The current COVID-19 vaccination campaign involves injecting the vaccine into muscle tissue, but injecting a smaller amount of vaccine in the skin might also provide good protection. A crowdfunding campaign has enabled Dutch infectious disease specialist Anna Roukens MD, PhD, at the Leiden University Medical Centre (LUMC) to examine the safety and efficacy of vaccination delivery via the skin. It is the first research project of its kind worldwide, and it could have significant impact on managing the pandemic, because up to five times as many people may be vaccinated with the same amount of vaccine.
The funding by the crowdfunding campaign not only facilitated an extension to the laboratory of professor of Virology Eric Snijder in Leiden, but has also enabled a great deal more coronavirus research to be conducted. In April, Anna Roukens, has begun research on Moderna vaccine delivery via the skin.
Intradermal or skin vaccination is a form of vaccination where the vaccine is delivered in a specific layer of the skin. Even though vaccines are most often injected into muscle tissue (typically into the upper arm), skin vaccination can be applied to vaccinations for certain infections, such as rabies and yellow fever. Thus far however, skin vaccination has hardly ever been tried out with mRNA-vaccines.
Skin vaccination specifically triggers the dendritic cells within the skin. These cells are capable of processing antigen material and present this to the T-cells of the immune system. Once the dendritic cells become activated, they migrate to the lymph nodes where they interact with T-cells and B-cells to initiate and shape an adaptive immune response.
Roukens explains the rationale behind the research at LUMC. “A huge problem is that there are currently not enough supplies to vaccinate everyone at the same time. With skin vaccination, we can vaccinate more people using the same amount of vaccine. This means people could get vaccinated sooner. Skin vaccination introduces a small amount of the vaccine to the dendritic cells within the skin. These are capable of processing the vaccine in a very efficient manner, triggering a powerful immune response from the T-cells. Ensuring delivery precisely to the dendritic cells means no vaccine gets wasted.”
If skin vaccination saves so much vaccine, then why isn’t this method more universally applied?
Roukens: “Intramuscular vaccination uses more vaccine, but this is really only an issue when a vaccine is either very expensive, or whether there is a shortage and no way to ramp up vaccine fabrication, which is basically the scenario we are facing now. Also, intramuscular vaccination is easier and faster to administer. Skin vaccination requires a more precise administration.”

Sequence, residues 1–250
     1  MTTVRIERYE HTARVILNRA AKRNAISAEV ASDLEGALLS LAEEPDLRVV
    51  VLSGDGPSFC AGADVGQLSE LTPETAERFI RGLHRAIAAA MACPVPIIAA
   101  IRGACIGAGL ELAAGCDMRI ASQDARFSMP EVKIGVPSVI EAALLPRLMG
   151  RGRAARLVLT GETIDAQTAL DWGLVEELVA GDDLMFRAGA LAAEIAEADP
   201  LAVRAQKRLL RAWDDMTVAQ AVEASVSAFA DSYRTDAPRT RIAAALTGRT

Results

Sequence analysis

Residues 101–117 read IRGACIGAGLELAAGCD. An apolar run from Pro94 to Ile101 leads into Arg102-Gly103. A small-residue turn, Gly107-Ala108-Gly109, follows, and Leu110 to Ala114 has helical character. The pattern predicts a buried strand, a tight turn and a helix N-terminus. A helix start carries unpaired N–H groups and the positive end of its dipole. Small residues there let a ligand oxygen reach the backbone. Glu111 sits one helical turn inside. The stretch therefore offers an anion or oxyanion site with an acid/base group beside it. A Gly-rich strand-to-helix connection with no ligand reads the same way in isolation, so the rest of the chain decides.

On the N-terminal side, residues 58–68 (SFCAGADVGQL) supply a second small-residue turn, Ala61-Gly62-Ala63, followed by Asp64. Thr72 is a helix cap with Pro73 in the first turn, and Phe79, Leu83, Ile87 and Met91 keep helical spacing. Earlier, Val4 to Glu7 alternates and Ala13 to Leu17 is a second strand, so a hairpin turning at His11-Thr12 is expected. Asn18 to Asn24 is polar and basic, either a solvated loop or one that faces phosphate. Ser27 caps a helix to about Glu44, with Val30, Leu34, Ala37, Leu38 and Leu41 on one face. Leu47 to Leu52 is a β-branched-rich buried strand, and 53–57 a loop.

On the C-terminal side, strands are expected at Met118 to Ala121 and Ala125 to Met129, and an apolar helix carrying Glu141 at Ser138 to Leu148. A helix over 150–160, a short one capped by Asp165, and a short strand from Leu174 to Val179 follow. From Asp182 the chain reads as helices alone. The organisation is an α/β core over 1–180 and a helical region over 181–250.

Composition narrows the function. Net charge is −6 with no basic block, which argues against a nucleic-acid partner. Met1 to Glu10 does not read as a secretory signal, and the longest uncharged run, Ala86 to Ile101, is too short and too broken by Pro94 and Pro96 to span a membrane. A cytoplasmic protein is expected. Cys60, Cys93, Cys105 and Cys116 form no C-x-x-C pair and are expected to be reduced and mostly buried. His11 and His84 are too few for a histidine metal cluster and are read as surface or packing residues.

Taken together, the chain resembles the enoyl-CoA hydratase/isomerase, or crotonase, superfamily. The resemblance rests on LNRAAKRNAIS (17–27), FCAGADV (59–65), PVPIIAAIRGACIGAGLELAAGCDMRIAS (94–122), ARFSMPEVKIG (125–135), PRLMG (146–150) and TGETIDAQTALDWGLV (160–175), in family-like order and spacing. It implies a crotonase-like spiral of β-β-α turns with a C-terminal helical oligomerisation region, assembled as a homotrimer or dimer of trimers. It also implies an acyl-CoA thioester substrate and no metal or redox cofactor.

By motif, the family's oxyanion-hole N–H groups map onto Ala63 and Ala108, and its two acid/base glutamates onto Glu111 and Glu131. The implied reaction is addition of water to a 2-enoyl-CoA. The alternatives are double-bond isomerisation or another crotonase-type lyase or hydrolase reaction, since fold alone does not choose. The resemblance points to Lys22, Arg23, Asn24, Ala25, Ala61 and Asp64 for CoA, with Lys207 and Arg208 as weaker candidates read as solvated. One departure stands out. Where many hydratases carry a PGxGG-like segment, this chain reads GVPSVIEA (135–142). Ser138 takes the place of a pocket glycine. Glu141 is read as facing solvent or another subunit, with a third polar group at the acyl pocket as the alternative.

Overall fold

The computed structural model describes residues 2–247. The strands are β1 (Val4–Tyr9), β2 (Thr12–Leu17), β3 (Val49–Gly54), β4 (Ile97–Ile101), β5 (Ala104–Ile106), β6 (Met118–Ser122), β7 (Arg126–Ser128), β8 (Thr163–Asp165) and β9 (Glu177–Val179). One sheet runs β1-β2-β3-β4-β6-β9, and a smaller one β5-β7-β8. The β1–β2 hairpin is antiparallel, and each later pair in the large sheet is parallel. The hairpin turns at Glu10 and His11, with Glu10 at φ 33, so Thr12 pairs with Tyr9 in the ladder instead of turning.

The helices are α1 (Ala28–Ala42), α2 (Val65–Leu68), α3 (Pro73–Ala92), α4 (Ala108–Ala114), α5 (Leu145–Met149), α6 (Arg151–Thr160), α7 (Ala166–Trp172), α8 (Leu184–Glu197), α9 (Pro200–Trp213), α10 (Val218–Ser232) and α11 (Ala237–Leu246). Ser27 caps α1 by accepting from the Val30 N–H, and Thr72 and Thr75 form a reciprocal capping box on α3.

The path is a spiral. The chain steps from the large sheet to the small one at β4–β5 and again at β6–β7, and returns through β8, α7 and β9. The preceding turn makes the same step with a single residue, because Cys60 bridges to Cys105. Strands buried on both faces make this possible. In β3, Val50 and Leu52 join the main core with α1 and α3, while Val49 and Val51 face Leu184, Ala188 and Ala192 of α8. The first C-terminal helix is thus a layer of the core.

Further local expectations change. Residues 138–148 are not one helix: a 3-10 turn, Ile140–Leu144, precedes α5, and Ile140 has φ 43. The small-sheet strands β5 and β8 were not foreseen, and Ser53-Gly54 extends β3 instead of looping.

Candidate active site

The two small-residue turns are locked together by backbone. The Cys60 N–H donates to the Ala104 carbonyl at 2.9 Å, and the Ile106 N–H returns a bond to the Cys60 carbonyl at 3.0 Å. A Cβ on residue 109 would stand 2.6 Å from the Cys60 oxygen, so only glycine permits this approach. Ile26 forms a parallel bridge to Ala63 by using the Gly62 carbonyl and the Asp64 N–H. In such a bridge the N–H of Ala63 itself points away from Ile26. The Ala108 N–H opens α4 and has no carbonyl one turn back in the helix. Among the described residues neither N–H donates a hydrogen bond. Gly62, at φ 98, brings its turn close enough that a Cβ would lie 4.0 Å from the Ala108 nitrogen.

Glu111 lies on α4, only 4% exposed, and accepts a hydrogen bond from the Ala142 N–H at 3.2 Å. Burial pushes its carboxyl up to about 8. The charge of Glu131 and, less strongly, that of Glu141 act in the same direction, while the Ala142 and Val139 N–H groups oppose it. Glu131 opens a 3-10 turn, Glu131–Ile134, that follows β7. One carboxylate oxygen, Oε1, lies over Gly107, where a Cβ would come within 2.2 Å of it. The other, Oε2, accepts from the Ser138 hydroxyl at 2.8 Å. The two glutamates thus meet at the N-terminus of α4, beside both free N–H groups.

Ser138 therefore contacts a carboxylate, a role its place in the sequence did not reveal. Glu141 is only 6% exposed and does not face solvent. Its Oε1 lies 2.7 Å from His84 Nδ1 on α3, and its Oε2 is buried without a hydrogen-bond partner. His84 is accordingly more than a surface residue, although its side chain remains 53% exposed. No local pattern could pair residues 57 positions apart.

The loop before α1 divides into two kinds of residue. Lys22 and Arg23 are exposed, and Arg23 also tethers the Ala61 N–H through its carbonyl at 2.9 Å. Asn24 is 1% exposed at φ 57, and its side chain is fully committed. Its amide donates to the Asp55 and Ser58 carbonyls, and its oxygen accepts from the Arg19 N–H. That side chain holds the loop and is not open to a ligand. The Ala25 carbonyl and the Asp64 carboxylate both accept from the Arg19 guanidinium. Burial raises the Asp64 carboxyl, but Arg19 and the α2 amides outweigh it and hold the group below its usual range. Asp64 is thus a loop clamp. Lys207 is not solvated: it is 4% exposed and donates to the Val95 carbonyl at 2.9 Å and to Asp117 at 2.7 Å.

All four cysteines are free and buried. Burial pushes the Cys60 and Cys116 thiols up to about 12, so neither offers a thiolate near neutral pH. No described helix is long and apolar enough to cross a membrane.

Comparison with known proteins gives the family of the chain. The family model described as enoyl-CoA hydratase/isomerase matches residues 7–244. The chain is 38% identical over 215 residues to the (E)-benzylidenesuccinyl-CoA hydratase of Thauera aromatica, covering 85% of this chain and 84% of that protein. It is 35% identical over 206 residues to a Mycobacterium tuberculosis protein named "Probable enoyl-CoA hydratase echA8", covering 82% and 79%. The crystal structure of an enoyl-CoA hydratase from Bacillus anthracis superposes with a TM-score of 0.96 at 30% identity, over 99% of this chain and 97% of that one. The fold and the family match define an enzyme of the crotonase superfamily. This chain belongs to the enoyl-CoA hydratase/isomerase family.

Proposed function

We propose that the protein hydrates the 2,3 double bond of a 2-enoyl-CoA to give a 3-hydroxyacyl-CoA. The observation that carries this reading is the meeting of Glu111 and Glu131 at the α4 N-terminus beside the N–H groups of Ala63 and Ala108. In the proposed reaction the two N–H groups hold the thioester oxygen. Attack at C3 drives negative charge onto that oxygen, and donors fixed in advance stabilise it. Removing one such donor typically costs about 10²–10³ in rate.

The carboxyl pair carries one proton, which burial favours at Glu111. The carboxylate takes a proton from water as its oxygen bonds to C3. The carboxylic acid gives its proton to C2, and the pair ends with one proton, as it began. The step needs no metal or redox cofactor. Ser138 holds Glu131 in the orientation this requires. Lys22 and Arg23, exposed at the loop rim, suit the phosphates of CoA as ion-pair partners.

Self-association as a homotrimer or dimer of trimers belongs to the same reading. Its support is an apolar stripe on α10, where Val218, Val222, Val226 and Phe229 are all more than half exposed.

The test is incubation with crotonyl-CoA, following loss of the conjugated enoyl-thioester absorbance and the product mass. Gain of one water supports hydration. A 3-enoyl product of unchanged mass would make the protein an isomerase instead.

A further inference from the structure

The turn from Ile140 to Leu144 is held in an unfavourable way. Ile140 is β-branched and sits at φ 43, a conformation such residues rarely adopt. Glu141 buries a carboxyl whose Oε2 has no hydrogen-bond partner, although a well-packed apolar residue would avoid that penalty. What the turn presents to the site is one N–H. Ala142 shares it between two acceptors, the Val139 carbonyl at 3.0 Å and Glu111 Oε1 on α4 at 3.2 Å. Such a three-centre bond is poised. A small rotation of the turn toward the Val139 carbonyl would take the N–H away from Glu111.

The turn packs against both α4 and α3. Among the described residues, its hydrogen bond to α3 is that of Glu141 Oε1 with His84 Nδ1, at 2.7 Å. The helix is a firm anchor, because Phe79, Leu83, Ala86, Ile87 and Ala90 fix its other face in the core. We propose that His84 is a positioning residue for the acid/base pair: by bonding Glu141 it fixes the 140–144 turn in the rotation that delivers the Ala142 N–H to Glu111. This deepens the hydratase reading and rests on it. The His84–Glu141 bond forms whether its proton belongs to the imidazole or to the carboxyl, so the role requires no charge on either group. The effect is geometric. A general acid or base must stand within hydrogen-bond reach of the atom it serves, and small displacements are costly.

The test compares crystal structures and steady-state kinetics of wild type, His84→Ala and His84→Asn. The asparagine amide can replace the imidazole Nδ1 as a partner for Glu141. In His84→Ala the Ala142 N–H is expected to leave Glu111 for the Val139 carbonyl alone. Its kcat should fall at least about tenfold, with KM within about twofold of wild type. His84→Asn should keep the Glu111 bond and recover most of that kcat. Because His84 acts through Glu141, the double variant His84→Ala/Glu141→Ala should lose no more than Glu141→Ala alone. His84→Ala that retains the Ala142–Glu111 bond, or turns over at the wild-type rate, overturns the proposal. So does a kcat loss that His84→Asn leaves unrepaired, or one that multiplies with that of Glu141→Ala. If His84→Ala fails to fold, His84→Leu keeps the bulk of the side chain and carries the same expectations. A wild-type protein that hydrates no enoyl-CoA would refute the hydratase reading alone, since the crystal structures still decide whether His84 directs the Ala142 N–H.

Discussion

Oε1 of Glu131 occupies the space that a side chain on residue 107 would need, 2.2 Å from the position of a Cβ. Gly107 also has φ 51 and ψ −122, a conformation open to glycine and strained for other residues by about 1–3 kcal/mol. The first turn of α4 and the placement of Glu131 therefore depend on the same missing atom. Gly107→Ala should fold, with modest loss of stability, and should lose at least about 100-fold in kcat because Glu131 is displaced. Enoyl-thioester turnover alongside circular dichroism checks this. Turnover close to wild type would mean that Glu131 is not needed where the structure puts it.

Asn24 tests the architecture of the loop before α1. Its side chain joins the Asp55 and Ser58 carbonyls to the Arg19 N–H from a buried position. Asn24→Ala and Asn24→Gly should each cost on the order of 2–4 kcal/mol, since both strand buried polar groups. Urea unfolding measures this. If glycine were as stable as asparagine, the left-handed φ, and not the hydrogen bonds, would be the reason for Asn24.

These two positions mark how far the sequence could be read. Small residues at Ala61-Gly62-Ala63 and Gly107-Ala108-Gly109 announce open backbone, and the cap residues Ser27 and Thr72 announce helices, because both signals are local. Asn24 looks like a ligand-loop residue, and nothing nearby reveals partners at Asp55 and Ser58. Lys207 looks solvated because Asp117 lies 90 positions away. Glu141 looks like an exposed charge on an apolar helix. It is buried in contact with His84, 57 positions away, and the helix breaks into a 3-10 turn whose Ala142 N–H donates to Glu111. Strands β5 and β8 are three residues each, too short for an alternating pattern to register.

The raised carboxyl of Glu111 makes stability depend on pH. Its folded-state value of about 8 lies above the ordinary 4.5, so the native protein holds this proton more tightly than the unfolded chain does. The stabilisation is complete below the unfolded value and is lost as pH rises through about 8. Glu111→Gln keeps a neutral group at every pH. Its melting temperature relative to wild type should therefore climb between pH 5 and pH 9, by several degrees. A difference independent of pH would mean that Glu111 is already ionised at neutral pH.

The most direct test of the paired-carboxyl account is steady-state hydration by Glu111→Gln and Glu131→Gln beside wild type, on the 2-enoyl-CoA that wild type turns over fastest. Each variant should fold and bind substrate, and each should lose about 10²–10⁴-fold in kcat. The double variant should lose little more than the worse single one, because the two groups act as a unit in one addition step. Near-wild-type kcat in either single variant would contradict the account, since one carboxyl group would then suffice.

She continues: “We now want to find out whether the Moderna vaccine is also suitable for immunisation via the skin. We first plan to test its safety and will then work out how much vaccine is needed to provide good protection.” The choice for Moderna was made because Moderna has tested intradermal vaccination with one of their influenza mRNA-vaccines before.1 Also, the LUMC had doses of the vaccine available. It is normally very difficult to obtain vaccines for research, especially when a vaccine is in high demand as now is the case with the COVID-19 vaccines. If our small-scale tests go well, we will scale up our research, and we have asked the RIVM (the Dutch health authority) if more Moderna vaccine doses can be made available to that end.”
Mid-april, in-person testing with skin vaccination started on a small scale. Roukens: “Ten volunteers were inoculated with just 10% of the normal dosage, in order to establish whether skin vaccination of an mRNA vaccine did not cause any side effects. This was not the case, so a second phase of the trial is underway, in which 15 volunteers will receive 20% of the normal intramuscular dosage. “If these tests go well, we will commence a larger trial. Hopefully we will have our first results before summer.”
That might be too late for the Netherlands or Belgium where vaccinations are in full swing, and where the governments strive to have everyone who so chooses can be vaccinated before August. “We do not know whether our results will be available before the end of the vaccination campaigns. What we do expect, however, is more frequent coronavirus outbreaks. Moreover, almost no vaccines have been administered in poor countries yet. So we are definitely not done with vaccinations yet. If intradermal vaccination with the Moderna vaccine is effective, it may prove to be an important step in tackling the pandemic.”
1. Feldman RA, Fuhr R, Smolenov I, et al. mRNA vaccines against H10N8 and H7N9 influenza viruses of pandemic potential are immunogenic and well tolerated in healthy adults in phase 1 randomized clinical trials. Vaccine;2019 May 31;37(25):3326-3334. doi: 10.1016/j.vaccine.2019.04.074. Epub 2019 May 10.
2. Clinical trials register information on the LUMC trial ‘Establishing the safety, tolerability and immunogenicity of intradermal delivery of mRNA SARS-CoV-2 vaccine in healthy adults’: https://www.clinicaltrialsregister.eu/ctr-search/trial/2021-000454-26/NL